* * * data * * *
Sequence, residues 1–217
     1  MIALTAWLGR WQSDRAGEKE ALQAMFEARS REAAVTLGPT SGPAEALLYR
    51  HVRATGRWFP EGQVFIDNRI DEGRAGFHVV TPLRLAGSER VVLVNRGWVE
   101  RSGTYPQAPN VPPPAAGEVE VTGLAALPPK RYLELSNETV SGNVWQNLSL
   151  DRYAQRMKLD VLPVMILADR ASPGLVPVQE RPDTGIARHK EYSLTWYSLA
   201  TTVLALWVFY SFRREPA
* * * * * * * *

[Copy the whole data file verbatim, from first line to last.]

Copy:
Sequence, residues 1–217
     1  MIALTAWLGR WQSDRAGEKE ALQAMFEARS REAAVTLGPT SGPAEALLYR
    51  HVRATGRWFP EGQVFIDNRI DEGRAGFHVV TPLRLAGSER VVLVNRGWVE
   101  RSGTYPQAPN VPPPAAGEVE VTGLAALPPK RYLELSNETV SGNVWQNLSL
   151  DRYAQRMKLD VLPVMILADR ASPGLVPVQE RPDTGIARHK EYSLTWYSLA
   201  TTVLALWVFY SFRREPA